Cookie policy notice

By continuing to use this site you agree to our cookies policy below:
Since 26 May 2011, the law now states that cookies on websites can ony be used with your specific consent. Cookies allow us to ensure that you enjoy the best browsing experience.

This site is intended for health professionals only

At the heart of general practice since 1960

GPs attack plan to raid PCO funds for child protection

GPs have attacked Government legislation that proposes using primary care organisation cash to pay for new child protection measures.

The Children's Bill states that PCOs and other bodies, including local councils, should pool some of their budgets into new Children's Trusts to pay for co-ordinated action.

The money could be used to set up children's centres involving health, social care and teaching professionals as well as for measures to improve information sharing.

The Bill will establish local safeguarding boards to ensure GPs and other NHS organisations link up with education and social services. Local agencies, including GPs and PCOs, will also have a statutory duty to improve child welfare.

Children's minister Margaret Hodge attacked GPs last month for 'refusing to co-operate' with efforts to improve sharing of information to protect vulnerable children.

GPC negotiator Dr Laurence Buckman said taking cash from PCOs will put an unnecessary burden on already overstretched primary care budgets.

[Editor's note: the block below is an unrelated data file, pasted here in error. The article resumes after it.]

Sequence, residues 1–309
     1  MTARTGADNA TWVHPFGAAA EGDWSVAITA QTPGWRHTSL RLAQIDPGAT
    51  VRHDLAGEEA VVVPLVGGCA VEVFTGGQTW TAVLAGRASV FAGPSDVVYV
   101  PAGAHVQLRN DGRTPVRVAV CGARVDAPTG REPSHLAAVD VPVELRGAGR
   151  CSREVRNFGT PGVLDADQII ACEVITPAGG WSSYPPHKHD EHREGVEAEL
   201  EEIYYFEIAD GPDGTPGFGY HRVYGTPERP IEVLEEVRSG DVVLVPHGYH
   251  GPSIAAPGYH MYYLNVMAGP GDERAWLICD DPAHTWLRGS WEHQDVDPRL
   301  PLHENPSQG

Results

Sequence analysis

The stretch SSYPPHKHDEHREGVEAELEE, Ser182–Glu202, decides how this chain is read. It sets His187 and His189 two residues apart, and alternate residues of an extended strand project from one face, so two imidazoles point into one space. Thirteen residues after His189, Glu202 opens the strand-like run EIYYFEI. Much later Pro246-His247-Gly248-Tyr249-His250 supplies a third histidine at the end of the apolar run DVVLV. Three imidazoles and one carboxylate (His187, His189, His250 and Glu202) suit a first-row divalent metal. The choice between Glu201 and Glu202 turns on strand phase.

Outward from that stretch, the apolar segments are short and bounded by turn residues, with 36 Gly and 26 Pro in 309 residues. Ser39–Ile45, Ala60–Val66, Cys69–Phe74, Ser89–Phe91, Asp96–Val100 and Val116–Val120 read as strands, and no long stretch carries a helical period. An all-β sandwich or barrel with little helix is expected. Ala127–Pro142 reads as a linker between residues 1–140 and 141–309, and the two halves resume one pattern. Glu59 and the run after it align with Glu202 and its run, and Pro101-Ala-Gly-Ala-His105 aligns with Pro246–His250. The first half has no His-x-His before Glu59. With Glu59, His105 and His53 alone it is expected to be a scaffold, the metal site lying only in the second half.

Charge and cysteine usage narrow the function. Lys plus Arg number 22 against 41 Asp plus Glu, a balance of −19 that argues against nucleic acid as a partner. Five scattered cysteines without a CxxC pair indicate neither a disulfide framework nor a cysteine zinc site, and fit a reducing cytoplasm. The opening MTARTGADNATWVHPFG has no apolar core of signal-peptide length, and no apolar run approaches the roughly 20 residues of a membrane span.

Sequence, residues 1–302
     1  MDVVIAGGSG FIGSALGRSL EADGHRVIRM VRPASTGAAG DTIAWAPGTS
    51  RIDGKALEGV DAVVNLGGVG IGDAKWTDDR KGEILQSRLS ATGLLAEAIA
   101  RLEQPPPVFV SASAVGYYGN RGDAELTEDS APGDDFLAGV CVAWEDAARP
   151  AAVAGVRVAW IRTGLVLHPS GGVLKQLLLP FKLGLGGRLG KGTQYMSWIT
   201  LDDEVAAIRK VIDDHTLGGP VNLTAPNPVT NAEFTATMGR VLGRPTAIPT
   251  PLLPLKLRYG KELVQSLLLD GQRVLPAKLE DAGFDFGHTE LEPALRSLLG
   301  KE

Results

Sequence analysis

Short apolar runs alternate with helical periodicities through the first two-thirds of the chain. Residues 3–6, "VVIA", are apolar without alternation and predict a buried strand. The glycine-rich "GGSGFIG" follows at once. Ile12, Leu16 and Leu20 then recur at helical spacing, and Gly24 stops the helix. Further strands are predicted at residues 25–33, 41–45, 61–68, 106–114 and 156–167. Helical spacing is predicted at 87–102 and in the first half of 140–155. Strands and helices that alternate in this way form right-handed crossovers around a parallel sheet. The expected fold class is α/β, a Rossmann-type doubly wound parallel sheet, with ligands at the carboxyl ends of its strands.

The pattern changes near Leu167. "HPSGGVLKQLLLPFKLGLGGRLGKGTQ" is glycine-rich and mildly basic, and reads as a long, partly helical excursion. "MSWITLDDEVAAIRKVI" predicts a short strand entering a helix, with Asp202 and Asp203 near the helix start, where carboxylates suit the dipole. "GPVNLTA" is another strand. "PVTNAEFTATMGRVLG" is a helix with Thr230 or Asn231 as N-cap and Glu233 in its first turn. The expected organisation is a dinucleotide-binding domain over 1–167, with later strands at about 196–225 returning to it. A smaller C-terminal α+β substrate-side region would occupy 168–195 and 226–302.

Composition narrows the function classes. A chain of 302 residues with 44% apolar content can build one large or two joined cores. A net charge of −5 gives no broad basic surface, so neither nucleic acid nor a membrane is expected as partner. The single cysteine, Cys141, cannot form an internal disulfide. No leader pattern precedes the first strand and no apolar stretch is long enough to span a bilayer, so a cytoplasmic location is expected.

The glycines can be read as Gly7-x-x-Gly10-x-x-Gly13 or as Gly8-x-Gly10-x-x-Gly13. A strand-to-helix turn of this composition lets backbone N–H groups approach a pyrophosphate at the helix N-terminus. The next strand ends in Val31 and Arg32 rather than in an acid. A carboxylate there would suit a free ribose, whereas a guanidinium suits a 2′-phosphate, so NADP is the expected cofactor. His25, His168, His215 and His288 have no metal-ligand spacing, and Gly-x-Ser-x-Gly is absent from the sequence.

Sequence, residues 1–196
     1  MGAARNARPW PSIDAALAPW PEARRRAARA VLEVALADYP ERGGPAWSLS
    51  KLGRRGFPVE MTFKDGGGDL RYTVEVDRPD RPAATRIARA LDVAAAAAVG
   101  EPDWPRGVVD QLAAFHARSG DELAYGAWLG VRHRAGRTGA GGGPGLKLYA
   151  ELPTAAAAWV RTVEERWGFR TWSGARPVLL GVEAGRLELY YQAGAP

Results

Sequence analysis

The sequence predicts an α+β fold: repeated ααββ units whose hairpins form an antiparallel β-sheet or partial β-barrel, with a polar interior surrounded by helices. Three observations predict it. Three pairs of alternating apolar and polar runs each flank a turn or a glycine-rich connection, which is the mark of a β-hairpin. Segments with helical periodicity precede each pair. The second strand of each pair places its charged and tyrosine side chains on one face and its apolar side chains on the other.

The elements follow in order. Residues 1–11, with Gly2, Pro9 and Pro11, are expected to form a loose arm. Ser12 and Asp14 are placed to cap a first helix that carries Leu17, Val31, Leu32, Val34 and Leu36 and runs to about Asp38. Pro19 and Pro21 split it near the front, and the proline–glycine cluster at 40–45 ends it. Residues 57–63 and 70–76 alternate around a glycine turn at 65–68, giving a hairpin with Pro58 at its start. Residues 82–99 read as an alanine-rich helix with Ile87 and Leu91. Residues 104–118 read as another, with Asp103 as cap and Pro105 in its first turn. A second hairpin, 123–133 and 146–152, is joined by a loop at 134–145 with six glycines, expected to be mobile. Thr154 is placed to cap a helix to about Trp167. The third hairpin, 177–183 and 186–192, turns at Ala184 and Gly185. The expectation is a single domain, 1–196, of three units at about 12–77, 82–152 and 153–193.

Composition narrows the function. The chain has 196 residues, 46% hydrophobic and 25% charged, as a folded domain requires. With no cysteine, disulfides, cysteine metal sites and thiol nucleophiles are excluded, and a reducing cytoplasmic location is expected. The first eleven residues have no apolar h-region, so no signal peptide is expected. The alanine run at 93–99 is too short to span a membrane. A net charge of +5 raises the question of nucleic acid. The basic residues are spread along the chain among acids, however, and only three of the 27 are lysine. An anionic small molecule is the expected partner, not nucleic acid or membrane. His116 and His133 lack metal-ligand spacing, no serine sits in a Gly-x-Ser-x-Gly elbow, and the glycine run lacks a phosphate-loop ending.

'This is not a primary care issue. The money should be coming from elsewhere,' he said. 'PCOs are not exactly cash-rich and I get very nervous by joint funding, I don't think it works.'

Dr Buckman said the Bill did not address GPs' concerns that they are unable to attend child protection case conferences and seminars because they can't afford locum cover.

Dr Rob Barnett, Liverpool LMC secretary, said there was no 'slack' in PCO funding to put into children's trusts. 'In principle addressing the breakdown in communication between health and social care is long overdue but in practice this can't work unless we have more funds made available,' he argued.

GPs who backed the Government plans said pooling funds was the best way to ensure organisations worked together.

Dr Anna Wilson, a GP in Winchester, said attempts to set up child protection 'centres of excellence' in Hampshire were being thwarted because no organisation would take responsibility for funding.

'If there was a joint fund there wouldn't be an issue that paying for this is someone else's responsibility,' she said.

By Joe Lepper

Rate this article 

Click to rate

  • 1 star out of 5
  • 2 stars out of 5
  • 3 stars out of 5
  • 4 stars out of 5
  • 5 stars out of 5

0 out of 5 stars

Have your say